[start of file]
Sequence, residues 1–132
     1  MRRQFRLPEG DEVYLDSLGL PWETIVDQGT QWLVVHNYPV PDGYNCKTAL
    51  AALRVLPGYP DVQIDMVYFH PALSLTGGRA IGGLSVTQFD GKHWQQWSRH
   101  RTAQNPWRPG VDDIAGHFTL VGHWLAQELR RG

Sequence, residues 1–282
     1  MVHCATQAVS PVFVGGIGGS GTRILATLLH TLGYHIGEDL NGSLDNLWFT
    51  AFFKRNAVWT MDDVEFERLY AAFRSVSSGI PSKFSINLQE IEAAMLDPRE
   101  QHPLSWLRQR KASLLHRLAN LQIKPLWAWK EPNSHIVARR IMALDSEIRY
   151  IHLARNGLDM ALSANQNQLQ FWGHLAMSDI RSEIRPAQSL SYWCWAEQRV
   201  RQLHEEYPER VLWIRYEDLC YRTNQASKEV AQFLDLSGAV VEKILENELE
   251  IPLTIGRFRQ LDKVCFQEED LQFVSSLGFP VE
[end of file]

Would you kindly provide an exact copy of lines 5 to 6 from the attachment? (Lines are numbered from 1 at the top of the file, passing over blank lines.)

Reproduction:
Sequence, residues 1–282
     1  MVHCATQAVS PVFVGGIGGS GTRILATLLH TLGYHIGEDL NGSLDNLWFT